The news that Nikki Finke and the team at Deadline Hollywood Daily have partnered with Facebook to create a how-to-succeed-in-Hollywood game where players have to adjust their decisions based on breaking industry news, put me on the hunt for the last video game I played with any degree of sustained dedication, a presidential campaign simulator called President Forever. Looking it up, it seems that the game’s only available for PCs, which is unfortunate: I’d like to be able to play it all the way through again.
What I remember as being fun and tense about it was precisely the breaking news angle that Deadline’s incorporating here. The game wasn’t responsive to actual breaking news, but President Forever was pretty good at dropping something plausible and anxiety-producing, like a foreign policy crisis or a natural disaster, that you had to have your candidate respond to. And that was on top of all the other factors you had to juggle, balancing fundraising days, timing policy speeches and setting them in certain states, setting up a humane travel schedule, and making sure your candidate got to rest so they didn’t collapse on the trail. It was a good illustration of how hard it is to keep it together on a modern campaign trail, and why our focus on gaffes is stupid. Running for president is an insane, exhausting process. People are going to mess up.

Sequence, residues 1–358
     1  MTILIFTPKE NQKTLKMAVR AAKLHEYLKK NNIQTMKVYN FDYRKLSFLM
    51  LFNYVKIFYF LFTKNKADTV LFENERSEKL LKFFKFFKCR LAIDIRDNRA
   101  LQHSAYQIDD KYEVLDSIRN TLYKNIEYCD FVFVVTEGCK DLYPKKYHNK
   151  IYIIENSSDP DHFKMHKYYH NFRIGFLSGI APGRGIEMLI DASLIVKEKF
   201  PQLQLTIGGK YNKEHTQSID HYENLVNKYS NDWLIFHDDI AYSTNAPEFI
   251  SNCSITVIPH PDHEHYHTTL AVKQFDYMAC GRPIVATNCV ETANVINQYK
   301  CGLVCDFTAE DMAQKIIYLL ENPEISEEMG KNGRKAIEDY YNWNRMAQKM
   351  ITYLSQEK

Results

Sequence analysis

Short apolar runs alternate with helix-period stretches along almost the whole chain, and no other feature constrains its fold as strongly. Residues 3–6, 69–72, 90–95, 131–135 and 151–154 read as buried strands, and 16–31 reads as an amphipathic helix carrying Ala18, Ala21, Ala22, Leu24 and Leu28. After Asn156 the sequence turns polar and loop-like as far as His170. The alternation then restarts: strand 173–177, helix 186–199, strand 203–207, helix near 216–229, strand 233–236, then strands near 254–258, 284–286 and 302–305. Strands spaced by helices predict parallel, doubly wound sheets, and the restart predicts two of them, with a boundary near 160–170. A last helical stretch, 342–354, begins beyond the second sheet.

Which, of course, is even more true for the presidency itself. Games like American Public Media’s cute little Budget Hero hint at the fact that if you’re commander-in-chief, you have to make a lot of choices, but I think this doesn’t even get close to to the four- or eight-year vortex that is executive decision-making:
If there’s a game out there that approximates the kind of pressure-cooker (and that I could play on the Mac, maybe preferably on Steam), I’d love the gamers in the audience to recommend one so I can check it out. My sense is that the political simulator games do fine but aren’t an insanely profitable part of the business, perhaps because the real work of being president is kind of exhausting and depressing and doesn’t produce the visceral thrills of first-person shooters, but I could be wrong.